This morning, the U.S. Department of Labor released the jobs report for March, 2020 to much anticipation. Just weeks after non-essential businesses shuttered across the country, 701,000 jobs have been lost in a year-over-year comparison with unemployment rates in March, 2019. This sharp decline marks the beginning of a job market collapse that will likely continue to escalate as the COVID-19 pandemic spreads. The Department of Labor’s official unemployment rate is listed at 4.4%, revealing the largest monthly increase since 1975. Prior to the pandemic, unemployment rates were at an all-time low of just 0.9%.
Experts warn these numbers only show part of the problem, however. Because most of the country launched social distancing campaigns in the middle of the month, the March report doesn’t show the full impact of all the businesses that have stalled operations. A portion of that data was still largely consistent with February’s performance, which means these initial findings are just the beginning.
According to The Washington Post, economists say it’s possible we’ll see the highest unemployment rate since the Great Depression. By June, the Congressional Budget Office estimates the second quarter will see 12% unemployment. Bank of America predicts an even higher rate at 15.6%.
The COVID-19 pandemic will transform the job market in the U.S. Here’s what business leaders need to expect from these developments.
What Will the Pandemic Change in the U.S. Job Market?
Economists have long predicted artificial intelligence (AI) and machine learning (ML) will redefine the job market. Most single-task jobs will be automated, for example, and an Oxford Economics study in June, 2019 estimated 8.5% of the world’s manufacturing jobs will be eliminated by 2030. Other positions, like insurance underwriting, customer service, banking and retail, and outbound sales are also likely to become redundant over the next decade.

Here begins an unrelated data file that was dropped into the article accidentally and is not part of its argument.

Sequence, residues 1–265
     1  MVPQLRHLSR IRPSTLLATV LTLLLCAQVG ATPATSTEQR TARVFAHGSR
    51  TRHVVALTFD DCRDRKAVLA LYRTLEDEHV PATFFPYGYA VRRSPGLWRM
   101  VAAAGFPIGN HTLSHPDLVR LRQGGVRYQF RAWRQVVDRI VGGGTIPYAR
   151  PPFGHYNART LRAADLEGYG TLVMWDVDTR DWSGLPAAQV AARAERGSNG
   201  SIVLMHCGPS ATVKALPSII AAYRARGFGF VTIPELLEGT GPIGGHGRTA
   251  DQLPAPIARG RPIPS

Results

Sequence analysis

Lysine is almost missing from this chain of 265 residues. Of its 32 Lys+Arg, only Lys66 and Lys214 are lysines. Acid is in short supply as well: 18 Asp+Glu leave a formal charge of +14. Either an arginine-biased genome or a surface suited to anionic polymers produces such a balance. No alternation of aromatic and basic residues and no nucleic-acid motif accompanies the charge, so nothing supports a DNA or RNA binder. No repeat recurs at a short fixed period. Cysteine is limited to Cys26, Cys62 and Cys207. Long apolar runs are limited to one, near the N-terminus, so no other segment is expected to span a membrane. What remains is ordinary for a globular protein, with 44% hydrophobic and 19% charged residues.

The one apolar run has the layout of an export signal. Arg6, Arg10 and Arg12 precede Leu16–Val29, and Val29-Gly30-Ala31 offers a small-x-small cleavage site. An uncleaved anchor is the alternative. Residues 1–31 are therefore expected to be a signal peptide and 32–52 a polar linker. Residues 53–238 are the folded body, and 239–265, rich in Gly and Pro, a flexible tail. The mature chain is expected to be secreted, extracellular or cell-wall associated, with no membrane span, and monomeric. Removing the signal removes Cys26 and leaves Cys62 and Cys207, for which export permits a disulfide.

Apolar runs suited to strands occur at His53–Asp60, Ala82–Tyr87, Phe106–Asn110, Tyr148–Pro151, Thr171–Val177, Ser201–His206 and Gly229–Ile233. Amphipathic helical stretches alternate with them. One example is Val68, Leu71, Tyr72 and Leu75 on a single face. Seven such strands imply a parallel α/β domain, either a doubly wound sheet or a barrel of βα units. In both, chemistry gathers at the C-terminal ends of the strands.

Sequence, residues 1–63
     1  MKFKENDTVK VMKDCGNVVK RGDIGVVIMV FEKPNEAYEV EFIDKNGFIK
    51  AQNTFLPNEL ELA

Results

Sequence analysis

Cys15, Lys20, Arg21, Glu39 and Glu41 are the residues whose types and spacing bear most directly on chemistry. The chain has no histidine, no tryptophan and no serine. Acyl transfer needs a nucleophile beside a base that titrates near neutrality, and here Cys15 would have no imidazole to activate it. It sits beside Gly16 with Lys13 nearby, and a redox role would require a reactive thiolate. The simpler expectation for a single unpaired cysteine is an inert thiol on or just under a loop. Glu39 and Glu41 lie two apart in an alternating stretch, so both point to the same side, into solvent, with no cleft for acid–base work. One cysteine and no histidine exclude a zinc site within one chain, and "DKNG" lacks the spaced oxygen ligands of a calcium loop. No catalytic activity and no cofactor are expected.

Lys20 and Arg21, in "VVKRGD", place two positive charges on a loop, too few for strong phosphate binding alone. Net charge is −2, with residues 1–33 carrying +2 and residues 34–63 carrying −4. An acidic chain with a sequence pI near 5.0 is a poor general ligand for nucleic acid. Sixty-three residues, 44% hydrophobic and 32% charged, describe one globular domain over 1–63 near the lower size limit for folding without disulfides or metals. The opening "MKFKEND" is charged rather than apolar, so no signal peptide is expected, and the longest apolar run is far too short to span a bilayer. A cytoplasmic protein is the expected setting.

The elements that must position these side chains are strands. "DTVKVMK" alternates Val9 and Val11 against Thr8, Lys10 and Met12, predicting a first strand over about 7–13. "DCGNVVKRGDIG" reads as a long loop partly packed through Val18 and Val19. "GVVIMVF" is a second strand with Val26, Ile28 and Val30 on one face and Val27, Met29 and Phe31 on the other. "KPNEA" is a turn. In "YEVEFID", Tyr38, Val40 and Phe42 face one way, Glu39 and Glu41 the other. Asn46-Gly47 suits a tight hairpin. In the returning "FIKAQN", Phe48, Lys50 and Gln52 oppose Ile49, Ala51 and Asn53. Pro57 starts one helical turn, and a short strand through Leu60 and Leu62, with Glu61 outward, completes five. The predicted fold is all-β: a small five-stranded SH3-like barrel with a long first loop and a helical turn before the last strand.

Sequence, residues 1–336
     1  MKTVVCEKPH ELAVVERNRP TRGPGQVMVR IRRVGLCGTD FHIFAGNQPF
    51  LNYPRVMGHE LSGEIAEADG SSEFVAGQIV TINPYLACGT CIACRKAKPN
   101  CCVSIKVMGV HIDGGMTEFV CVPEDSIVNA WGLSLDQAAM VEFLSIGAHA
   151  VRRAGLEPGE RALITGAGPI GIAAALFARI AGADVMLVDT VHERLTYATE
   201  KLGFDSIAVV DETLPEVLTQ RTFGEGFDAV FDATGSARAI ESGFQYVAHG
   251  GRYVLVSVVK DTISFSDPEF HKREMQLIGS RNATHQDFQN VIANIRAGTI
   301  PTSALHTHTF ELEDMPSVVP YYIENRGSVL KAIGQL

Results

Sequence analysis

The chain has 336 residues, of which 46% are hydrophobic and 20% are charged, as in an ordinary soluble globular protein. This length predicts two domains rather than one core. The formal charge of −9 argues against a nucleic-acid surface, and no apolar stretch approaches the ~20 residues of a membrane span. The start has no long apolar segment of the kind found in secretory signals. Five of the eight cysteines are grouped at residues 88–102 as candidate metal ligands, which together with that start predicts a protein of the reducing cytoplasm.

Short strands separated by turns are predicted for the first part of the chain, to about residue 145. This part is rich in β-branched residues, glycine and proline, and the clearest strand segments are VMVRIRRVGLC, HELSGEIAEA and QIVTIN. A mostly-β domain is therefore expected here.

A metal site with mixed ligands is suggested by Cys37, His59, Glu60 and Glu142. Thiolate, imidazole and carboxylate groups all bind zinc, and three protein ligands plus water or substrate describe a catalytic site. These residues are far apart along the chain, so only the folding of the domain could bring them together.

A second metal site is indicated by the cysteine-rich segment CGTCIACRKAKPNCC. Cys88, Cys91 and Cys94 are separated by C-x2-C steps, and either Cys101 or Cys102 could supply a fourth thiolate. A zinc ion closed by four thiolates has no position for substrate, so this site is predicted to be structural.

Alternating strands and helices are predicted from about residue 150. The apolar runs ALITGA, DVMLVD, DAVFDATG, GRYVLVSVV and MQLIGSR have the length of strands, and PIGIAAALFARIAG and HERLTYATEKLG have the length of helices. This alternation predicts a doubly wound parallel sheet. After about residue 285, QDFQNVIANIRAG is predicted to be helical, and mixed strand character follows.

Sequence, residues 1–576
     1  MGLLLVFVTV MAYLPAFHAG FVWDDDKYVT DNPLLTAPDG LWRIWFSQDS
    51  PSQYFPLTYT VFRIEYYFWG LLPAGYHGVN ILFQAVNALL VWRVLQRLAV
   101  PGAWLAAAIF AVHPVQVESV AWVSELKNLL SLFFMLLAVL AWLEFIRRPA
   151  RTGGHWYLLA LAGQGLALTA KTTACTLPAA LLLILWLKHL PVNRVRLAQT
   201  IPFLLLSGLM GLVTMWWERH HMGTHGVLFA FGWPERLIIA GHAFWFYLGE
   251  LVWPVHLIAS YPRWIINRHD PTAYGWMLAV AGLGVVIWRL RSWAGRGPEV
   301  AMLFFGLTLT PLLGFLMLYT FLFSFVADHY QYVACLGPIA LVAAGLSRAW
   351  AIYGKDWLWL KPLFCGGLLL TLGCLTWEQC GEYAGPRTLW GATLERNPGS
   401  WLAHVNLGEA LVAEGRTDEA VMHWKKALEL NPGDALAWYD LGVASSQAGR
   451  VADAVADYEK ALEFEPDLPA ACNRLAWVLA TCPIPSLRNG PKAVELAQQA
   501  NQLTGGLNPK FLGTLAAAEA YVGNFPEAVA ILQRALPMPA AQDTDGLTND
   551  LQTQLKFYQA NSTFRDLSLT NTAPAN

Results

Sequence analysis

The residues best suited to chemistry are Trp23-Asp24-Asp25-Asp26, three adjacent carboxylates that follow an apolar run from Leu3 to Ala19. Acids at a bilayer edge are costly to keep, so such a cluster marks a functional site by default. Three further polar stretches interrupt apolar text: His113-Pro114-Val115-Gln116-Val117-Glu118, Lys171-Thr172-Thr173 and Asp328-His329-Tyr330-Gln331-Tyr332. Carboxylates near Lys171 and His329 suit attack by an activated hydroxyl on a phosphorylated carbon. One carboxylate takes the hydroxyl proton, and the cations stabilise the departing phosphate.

The current market crisis could accelerate the commercial viability of automation. If companies can replace full-time employees with software and machines, they stand to save money over time. Although the initial buy-in price will be steep, the businesses that survive the pandemic will probably be highly motivated to reduce their workforce.
Forced “shelter in place” orders have driven many nine-to-five desk jobs from the office into the living room. The most immediate concerns for business owners include:
- Designing an infrastructure to support the new demand for remote work, including secure cloud-based documentation and record-sharing.
- Avoiding payroll disruptions—or managing the damage caused by them, if they’re inevitable.
- Transitioning to a digital product or service with online purchasing systems.
- Supervising employees remotely and ensuring they have the equipment they need (laptops, internet access, chargers, etc.).
- Providing flexibility and support to employees who are parents and caretakers—and therefore experiencing interruptions throughout the day.
- Negotiating rent abatement agreements, deferring payments for franchisees, or withholding rent on commercial properties (as is the case with the Cheesecake Factory).
- Cost-cutting measures, such as budget revisions, paycuts, reduced hours, voluntary sabbaticals and unpaid time off, discharging contractors and part-time employees, and as a last resort, laying off or furloughing employees.